First Drive: Ssangyong Tivoli XLV
The extended Tivoli combines crossover styling with estate functionality, explains Alex Grant.
SECTOR: Crossover PRICE: £19,200-£21,700 FUEL: 44.8-62.8mpg CO2: 117-164g/km
Niche is big business, and Ssangyong reckons it’s found a new part of the market with the Tivoli XLV. As traditional estate drivers move on to crossovers, this is said to be the world’s first car to combine the best of both worlds; an estate version of a crossover.
Where the standard Tivoli is Skoda Yeti sized, the XLV is as long as cars in the Qashqai segment. Not through extending the wheelbase or track widths, the XLV gains 238mm of extra bodywork behind the C-pillar, and comes in at £1,000 more than the equivalent Tivoli.
Beneath the… challenging… back end styling, it’s not short of boot space. With the seats up and the load cover in place, Ssangyong claims a 574-litre capacity – larger than most of the C-segment crossovers, and more capacious than the much larger Volvo V90. It’s well designed, too, with a large tailgate, plenty of floor space and a compartment underneath with a shelf that can be removed. But you need that shelf in place for the boot floor to be flush with the folded rear bench.
It’s an added string to the already capable Tivoli’s bow. Everything in front of the rear bench is the same as the regular crossover – the switchgear which can feel a bit like Nineties hi-fi, and the materials won’t cause Audi to miss any sleep, but there’s an overall sense of durability throughout and it’s not drab. Particularly if you opt for the pack adding red highlights on the seats and dashboard.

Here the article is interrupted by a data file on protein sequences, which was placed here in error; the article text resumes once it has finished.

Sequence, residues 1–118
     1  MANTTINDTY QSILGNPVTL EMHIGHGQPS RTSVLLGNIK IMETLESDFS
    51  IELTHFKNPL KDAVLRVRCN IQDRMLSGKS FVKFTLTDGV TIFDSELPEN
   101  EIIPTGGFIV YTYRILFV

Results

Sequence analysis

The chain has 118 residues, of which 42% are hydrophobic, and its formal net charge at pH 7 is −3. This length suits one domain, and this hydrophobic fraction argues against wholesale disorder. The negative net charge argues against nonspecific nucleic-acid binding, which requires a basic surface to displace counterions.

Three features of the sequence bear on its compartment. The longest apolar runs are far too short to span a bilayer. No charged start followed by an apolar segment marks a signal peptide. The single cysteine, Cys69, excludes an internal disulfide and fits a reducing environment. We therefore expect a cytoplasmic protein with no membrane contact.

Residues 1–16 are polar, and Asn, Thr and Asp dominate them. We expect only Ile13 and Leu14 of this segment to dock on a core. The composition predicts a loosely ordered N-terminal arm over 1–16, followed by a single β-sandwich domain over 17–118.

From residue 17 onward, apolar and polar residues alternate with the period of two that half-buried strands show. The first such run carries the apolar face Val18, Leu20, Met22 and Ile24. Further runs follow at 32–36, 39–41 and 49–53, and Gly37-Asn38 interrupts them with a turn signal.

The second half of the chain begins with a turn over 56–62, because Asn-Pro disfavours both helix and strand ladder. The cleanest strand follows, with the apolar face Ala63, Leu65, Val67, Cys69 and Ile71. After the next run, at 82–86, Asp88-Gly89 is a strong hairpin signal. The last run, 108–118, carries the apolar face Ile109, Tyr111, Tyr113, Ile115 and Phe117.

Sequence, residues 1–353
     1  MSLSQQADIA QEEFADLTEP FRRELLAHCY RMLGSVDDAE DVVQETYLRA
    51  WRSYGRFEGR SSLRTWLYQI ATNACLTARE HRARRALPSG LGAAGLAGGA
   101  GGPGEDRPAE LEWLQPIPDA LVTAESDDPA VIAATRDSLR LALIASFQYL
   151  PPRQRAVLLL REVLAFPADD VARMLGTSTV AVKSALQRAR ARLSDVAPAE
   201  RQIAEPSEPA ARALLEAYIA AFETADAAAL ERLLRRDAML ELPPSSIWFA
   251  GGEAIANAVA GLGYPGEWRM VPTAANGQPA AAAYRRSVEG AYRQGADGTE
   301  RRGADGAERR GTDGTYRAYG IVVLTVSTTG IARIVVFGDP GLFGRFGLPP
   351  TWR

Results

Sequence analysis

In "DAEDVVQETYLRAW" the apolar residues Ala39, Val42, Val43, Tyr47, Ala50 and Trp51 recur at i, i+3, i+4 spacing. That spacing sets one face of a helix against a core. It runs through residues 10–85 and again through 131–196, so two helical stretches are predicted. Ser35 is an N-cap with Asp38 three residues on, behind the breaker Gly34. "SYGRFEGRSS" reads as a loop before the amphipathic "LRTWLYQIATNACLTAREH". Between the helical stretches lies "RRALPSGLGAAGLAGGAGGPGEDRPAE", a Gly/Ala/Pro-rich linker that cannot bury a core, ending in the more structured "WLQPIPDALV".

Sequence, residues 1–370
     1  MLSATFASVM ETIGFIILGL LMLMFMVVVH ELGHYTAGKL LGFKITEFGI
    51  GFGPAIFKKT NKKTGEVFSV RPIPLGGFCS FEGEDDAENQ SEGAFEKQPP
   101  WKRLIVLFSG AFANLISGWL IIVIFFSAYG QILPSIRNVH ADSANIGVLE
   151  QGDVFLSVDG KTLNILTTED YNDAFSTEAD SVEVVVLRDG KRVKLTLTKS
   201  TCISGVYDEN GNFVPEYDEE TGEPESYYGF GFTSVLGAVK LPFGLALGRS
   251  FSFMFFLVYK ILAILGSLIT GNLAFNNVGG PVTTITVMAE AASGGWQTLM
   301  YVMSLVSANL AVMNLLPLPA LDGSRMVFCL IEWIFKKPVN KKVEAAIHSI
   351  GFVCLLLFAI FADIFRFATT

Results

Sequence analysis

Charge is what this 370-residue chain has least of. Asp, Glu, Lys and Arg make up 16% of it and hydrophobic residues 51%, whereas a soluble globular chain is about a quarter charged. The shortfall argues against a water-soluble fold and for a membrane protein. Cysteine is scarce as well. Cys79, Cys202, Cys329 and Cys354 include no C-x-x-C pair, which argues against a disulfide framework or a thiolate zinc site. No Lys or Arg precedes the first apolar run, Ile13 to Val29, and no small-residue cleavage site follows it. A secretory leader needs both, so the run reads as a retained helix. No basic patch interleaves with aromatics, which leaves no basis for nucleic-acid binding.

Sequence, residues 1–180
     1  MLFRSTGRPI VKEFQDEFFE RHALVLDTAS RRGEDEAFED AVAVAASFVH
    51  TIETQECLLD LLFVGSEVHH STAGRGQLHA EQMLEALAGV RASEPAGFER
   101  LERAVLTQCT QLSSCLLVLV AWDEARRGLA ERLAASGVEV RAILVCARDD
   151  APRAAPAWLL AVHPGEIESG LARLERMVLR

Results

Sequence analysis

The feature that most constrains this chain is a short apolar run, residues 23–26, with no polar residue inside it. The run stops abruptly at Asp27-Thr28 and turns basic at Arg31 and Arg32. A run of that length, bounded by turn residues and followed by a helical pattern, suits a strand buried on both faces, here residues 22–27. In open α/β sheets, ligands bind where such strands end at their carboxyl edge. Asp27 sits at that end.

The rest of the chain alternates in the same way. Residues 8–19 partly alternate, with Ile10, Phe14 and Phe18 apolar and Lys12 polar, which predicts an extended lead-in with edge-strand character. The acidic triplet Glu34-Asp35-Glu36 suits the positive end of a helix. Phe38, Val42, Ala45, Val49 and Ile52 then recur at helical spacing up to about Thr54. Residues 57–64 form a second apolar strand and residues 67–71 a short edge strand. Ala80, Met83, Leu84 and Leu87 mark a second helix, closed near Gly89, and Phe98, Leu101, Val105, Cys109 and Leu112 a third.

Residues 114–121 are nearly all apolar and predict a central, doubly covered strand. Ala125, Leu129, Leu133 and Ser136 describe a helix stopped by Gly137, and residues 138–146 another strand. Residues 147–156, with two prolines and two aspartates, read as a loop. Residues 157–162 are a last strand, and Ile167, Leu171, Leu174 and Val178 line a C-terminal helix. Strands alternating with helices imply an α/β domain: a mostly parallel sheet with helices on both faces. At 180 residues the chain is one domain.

The XLV gets a slimmed-down range compared to the Tivoli, limited to the top-spec ELX and 113bhp 1.6-litre diesel engine, which means start prices are a lot higher. But it also means all UK cars get touchscreen TomTom navigation, dual-zone climate control, leather upholstery, cruise control and parking sensors among a lengthy list of standard equipment. Business drivers should need little more.
Cars designed for petrol-loving Asian markets can be under-insulated from the rumble of a diesel engine, but Ssangyong has done a good job keeping most of the rattle out of the cabin. Plentiful mid-range pulling power should stop it feeling overwhelmed by heavy cargo, and the large wheels haven’t left it clattering over rough surfaces.
But it’s a car which, for fleets at least, will only ever work with a manual transmission. CO2 emissions of 117g/km for the two-wheel drive version and 127g/km for cars with four-wheel drive are both competitive, but the six-speed automatic gearbox (a £1,250 option) is way out of line with the segment norms. Even with two-wheel drive, Ssangyong claims 47.9mpg with 154g/km CO2 emissions – enough to offset the XLV’s otherwise good value.
For the most part, then, this is an effective meeting of worlds. All the versatility of an estate car, but with the raised driving position of a crossover and a competitive four-wheel drive version.
What we think:
The Tivoli XLV’s job-need appeal is curbed slightly by the limited model range, but it’s a competitive option for user-choosers needing huge load-carrying ability and four-wheel drive.
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